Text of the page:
Prostate cancer ‘fingerprint’ detected in blood sample
10 March 2020
Scientists at UCL have invented a new test to identify the earliest genetic changes of prostate cancer in blood: a process which could allow doctors to see if cancers have spread, monitor tumour behaviour and enable better treatment selection.
In the study, published in The Journal of Clinical Investigation, researchers at UCL Cancer Institute used Next Generation Sequencing (NGS) to establish if they could identify prostate cancer DNA in blood plasma. Previous studies have focused on tissue samples, however this requires an invasive biopsy.
Researchers say their successful discovery in blood represents a prostate tissue “fingerprint” or early circulating biomarker, and when detected identifies that cancer is active and spreading. As this can be detected in a simple blood test, commonly known as a liquid biopsy, physicians could monitor cancer response to treatment regularly and in real-time.
Moving forward researchers will see if this test could complement or replace the traditional prostate specific antigen test, which is used for prostate cancer diagnosis and treatment monitoring.
Lead author, Dr Anjui Wu (UCL Cancer Institute), said: “Metastatic prostate cancer – the most dangerous late stage of the disease – can vary substantially in its treatment response and clinical progression.
“We urgently need biomarkers that will help us determine how far along each patient’s cancer is, to determine the best course of treatment.
“With tumour biopsies difficult to obtain, being able to identify prostate cancer DNA signatures at the earliest opportunity in blood, will help monitor patients better and assist more effective treatment selection and combination.”
In this proof of concept study, the researchers set out to investigate a process called DNA methylation - that is, a chemical change in DNA molecules that can affect gene function and has been studied in tissues.
To do this, the methylation and genome profiles of circulating-cell free DNA (degraded DNA fragments released to the blood plasma) from 25 metastatic prostate cancer patients were concurrently profiled using NGS. As a control four healthy blood plasma samples were also analysed.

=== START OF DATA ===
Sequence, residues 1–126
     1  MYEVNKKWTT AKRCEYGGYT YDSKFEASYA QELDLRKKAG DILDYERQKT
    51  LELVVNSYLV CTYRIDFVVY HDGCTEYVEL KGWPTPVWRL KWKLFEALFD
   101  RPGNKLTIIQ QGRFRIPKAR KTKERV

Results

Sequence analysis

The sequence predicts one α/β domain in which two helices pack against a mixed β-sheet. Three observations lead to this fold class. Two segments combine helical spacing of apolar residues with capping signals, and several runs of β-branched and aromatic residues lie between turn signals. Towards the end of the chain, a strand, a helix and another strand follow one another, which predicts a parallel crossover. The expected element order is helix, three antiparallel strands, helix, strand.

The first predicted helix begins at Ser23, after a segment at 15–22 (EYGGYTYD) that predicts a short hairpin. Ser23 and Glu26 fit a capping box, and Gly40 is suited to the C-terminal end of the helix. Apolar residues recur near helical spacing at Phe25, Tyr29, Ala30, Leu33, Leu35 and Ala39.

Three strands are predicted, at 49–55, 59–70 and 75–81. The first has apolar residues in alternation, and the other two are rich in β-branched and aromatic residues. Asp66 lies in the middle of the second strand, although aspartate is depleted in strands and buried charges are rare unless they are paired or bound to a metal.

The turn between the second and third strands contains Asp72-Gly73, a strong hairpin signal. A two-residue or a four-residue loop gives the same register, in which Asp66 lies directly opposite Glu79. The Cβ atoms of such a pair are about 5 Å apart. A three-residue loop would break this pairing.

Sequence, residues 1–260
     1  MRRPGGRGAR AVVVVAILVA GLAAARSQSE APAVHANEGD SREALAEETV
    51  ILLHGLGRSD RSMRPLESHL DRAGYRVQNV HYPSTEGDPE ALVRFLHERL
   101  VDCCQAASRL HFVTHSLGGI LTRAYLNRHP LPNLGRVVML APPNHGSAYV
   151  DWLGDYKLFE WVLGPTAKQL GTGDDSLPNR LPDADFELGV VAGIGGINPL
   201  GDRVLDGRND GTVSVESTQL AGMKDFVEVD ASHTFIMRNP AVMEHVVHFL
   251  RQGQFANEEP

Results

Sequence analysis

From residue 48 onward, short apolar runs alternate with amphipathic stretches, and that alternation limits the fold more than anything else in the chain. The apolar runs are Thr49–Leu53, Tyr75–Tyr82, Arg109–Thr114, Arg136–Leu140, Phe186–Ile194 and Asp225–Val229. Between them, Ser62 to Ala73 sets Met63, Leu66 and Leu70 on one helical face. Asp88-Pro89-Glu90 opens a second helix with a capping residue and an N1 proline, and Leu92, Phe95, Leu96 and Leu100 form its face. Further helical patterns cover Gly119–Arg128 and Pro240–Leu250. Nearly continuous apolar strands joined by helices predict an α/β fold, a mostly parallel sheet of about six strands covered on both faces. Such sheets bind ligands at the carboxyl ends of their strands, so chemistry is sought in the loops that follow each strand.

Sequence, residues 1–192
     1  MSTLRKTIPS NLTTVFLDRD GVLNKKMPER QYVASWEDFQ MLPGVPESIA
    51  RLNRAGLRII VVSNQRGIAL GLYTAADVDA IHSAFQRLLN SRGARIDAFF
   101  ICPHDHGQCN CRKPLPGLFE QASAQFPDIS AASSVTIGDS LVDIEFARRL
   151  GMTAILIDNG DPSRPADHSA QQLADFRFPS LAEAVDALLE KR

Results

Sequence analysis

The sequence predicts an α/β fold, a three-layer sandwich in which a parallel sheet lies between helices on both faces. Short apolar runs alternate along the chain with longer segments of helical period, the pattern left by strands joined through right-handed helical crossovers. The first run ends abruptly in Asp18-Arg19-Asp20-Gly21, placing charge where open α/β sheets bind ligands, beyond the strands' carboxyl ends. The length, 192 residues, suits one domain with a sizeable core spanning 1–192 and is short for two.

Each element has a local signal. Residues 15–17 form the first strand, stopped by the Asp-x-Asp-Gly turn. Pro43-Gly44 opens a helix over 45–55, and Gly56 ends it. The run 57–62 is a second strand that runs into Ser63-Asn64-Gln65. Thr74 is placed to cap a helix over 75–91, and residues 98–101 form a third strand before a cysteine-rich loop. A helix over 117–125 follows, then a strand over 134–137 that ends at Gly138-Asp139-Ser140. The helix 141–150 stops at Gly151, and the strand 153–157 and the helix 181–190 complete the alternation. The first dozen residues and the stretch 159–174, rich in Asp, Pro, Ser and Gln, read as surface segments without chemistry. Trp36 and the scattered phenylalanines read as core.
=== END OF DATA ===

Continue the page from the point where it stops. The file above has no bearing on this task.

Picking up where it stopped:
The research group interrogated the molecular profiles to identify a circulating tumour DNA (ctDNA) methylations, which can be used to sensitively track tumour content change.
Traditionally, the amount and quality of circulating cell-free DNA extracted from blood can be limited: surprisingly researchers discovered 1000s of methylation changes specific to the prostate gland in blood samples from men with prostate cancer. Using this finding, they developed these changes into a signature (a blood test that can be used in the clinic) for tracking prostate genetic material in blood to monitor cancer activity.
Corresponding author, Professor Gert Attard (UCL Cancer Institute), said: “We are now testing our new technique in trial patients to see if it can complement or substitute the traditional serum prostate specific antigen (PSA) for diagnosis, risk assignment and monitoring how well a treatment is working.
“We believe the increased sensitivity and additional information we derive, will significantly improve the outcomes of men with advanced prostate cancer.”
Professor Mark Emberton, Dean of the Faculty of Medical Sciences at UCL, said “The field of liquid biopsies has shown great potential recently to improve the diagnosis and management of cancer patients.
“This test could be the first to tell us cancer has got into blood before the spread is large enough to see on imaging. This could allow targeting of treatment for men at the highest risk of prostate cancer spread.”
This research was funded by a Prostate Cancer Foundation Challenge Award, with additional support by Cancer Research UK, and the John Black Charitable Foundation.
- Research paper published in The Journal of Clinical Investigation
- Dr Anjui Wu's academic profile
- Professor Gert Attard's academic profile
- UCL Cancer institute
- 'Prostatic adenocarcinoma with perineural invasion' credit: Nephron on wikimediacommons by CC BY-SA 3.0
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